Keeping bugs out of your tent is pretty simple, although it is not foolproof. The first thing that you want to do is to inspect your tent thoroughly before each camping trip if you are concerned about them getting in. Pitch your tent at home and look for any small holes or tears that could let bugs in. Pay close attention to the mesh windows and to the seams of the tent. Repair anything that needs to be patched up before you take the tent camping and bring some extra material with you for onsite repairs that may be needed. Also, make sure that all of your zippers are working properly to create a full seal.
So once you know that your tent is in tip-top shape for keeping bugs out it is your responsibility to not let them in as much as possible. Always keep your tent fully zipped up at all times when you are not entering or exiting. Limit the number of times you enter and exit your tent. If you need to put something inside of your tent then only open it up barely enough to quickly put the item inside and zip it back up again. Don’t put anything that has a scent inside your tent that could make bugs want to hang around it and then get inside when you go inside. Keep your rain fly on to make it harder for smaller bugs to go through the mesh.
How to keep bugs away from you when camping
As much as keeping bugs out of your tent is important, you probably also want to keep them away from you and your campsite if possible. You aren’t 100% guaranteed to succeed with this since we are camping in their home after all, but there are some steps we can take to minimize the attraction of bugs to our campsites
- Keep your campsite as clean as possible at all times, take out the trash often and don’t allow it to sit at your campsite for a prolonged period of time. Keep your dishes clean after eating because bugs love the food residue that is left on them. Don’t leave any food out in the open for bugs to much on, put away the food in a sealed container as soon as you are finished with them.
- Keep the light a bit further away from you. Having a lantern on the table is going to attract all sorts of bugs trying to navigate themselves around. Having a headlamp on is just asking for bugs in your face. Try to put a bright light further away from your main campsite but close enough to where it still provides you with adequate light.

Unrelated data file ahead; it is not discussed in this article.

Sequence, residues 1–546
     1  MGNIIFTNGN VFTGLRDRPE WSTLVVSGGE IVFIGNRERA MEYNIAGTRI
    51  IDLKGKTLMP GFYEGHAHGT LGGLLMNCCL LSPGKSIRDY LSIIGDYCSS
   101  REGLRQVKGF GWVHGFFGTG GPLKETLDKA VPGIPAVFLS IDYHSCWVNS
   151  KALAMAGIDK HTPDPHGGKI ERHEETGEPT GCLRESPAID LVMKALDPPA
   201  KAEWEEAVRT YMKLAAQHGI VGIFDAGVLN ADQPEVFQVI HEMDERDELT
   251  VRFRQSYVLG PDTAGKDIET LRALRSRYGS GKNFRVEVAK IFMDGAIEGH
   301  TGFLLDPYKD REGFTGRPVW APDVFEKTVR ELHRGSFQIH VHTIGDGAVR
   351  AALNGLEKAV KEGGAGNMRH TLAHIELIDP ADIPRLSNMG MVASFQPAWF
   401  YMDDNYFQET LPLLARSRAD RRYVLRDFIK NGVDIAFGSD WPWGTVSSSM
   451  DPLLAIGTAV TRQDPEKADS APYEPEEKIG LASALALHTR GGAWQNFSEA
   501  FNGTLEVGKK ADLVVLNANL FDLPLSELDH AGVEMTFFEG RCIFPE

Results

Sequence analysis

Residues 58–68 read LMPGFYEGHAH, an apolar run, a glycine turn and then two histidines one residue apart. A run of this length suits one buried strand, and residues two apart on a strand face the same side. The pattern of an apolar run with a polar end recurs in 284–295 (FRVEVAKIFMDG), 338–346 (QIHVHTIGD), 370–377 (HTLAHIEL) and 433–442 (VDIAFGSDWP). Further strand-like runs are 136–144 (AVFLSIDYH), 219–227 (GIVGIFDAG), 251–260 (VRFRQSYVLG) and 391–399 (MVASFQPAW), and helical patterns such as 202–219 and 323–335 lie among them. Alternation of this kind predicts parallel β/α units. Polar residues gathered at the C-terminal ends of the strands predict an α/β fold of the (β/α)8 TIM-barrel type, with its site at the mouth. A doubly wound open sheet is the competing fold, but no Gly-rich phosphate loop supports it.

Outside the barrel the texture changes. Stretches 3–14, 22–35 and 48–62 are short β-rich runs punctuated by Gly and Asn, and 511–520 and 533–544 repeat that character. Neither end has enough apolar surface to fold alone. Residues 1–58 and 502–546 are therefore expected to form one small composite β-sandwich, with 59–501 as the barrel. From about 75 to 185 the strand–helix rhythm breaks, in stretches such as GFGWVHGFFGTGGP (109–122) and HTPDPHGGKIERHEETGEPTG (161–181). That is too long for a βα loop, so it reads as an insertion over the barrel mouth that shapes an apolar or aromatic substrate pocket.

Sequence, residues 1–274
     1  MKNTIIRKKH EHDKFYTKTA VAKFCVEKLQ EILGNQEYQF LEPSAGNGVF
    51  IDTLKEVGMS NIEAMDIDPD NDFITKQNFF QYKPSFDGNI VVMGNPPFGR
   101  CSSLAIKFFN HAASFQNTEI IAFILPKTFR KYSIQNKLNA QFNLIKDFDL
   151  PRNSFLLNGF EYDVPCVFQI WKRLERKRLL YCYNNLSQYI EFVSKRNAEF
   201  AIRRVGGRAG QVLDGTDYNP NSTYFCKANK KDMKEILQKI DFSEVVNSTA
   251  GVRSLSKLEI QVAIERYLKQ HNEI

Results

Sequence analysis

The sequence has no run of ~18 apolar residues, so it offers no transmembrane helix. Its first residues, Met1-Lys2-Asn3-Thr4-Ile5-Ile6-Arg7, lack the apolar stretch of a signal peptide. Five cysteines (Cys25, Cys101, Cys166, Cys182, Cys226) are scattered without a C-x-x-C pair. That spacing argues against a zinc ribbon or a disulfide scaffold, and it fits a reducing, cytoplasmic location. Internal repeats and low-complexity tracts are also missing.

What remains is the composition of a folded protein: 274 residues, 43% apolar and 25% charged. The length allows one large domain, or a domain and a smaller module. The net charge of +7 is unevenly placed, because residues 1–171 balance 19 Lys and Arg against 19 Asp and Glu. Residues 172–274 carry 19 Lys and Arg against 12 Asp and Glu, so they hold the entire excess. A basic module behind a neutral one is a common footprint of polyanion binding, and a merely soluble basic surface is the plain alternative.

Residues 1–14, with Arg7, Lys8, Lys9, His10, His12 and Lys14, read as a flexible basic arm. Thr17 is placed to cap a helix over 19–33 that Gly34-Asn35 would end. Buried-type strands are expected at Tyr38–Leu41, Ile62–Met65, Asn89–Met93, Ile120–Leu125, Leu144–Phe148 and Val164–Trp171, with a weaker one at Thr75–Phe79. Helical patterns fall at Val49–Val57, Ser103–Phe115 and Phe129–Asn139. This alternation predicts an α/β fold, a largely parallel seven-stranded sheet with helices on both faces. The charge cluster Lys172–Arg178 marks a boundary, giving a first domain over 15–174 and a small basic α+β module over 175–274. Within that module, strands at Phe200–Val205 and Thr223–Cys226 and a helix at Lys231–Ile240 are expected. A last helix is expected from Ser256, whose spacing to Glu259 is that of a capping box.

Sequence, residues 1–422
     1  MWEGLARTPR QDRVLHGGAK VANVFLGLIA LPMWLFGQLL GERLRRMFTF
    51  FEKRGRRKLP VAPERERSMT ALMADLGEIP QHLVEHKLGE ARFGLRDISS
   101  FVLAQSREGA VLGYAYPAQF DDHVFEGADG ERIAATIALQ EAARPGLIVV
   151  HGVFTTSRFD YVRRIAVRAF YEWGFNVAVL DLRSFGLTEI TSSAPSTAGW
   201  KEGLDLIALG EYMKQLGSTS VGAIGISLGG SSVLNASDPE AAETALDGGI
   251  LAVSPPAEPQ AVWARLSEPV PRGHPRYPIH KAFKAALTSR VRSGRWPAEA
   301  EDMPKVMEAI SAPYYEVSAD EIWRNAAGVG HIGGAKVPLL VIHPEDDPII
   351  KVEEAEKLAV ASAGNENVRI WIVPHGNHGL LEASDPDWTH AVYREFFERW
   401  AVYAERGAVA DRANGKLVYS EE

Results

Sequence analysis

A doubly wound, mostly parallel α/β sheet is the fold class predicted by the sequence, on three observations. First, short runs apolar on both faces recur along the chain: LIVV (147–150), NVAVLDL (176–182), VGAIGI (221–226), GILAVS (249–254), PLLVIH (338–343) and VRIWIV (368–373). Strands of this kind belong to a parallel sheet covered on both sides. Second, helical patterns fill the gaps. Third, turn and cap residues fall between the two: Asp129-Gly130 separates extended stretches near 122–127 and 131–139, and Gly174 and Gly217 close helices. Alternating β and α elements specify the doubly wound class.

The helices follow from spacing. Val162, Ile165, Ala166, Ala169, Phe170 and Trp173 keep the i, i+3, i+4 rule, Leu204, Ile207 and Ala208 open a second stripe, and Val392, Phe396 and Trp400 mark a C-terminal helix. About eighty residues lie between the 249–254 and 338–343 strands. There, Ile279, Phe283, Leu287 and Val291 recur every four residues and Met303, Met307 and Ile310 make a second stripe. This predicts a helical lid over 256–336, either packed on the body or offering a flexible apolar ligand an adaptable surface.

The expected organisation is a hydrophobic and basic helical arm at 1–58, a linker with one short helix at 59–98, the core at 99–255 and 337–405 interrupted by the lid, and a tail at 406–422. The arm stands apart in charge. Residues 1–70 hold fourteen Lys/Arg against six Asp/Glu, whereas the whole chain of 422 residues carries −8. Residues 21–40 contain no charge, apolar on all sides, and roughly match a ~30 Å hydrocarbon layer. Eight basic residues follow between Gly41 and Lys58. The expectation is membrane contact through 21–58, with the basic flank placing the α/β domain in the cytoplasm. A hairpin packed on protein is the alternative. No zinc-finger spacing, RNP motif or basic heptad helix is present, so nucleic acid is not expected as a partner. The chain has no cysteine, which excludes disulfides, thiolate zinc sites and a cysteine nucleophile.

- Start a campfire. Campfires produce smoke which is a natural insect repellent. The only bugs that really don’t seem to mind campfires are Moths. You know how it goes… “like a moth to a flame”. Other bugs will most likely stay away from the fire and smoke. It is a good area to eat food without being bugged.
- Use a bug spray that actually works. Make sure that your spray contains what is known as DEET. DEET stands for N-Diethyl-m-toluamide. It is simply a chemical developed in 1946 by the U.S. Army to repel insects and it is one of the few chemicals proven to work against deterring insects like mosquitoes, ticks, fleas, and chiggers.
What is a natural way to keep bugs away when camping?
Although often up to debate, there are many natural bug deterrents that many people swear by. The lists are numerous but apparently different scents deter different insects. For example Mosquitoes- Lavender and Citronella, Flying insects- Basil, Fleas- Lavender and Sage, Ants- Cinnamon, and Peppermint. You can find massive lists of natural remedies for different insects online that science typically hasn’t studied.
Can you get bed bugs from camping?
Bed bugs can be brought home with you from pretty much anywhere you sleep, including campgrounds. Bed bugs are known as hitchhikers and that means they will get into your sleeping gear and take the trip home with you. They don’t exclusively come from camping in the woods so don’t fear camping just because of bed bugs, they can come from practically anywhere.
Does smoke keep bugs away?
Smoke is a natural repellent for bugs, including the infamous mosquito. Staying close to your campfire can help keep the bugs away from you. If you can stand the smell then it might be able to help keep them away from your tent as well if it is close enough for the smoke to drift near it. Don’t have the campfire too close to your tent though as they can easily catch on fire.
My Favorite Camping Gear
- Air Mattress: click here to check out my favorite on Amazon.
- Tent: click here to see my favorite tent available on Amazon.
- Sleeping Pad: click here to check out the one I love on Amazon.
- Sleeping Bag: click here to see the one I recommend on Amazon.
- Camping Stove: click here to see the best camping stove on Amazon.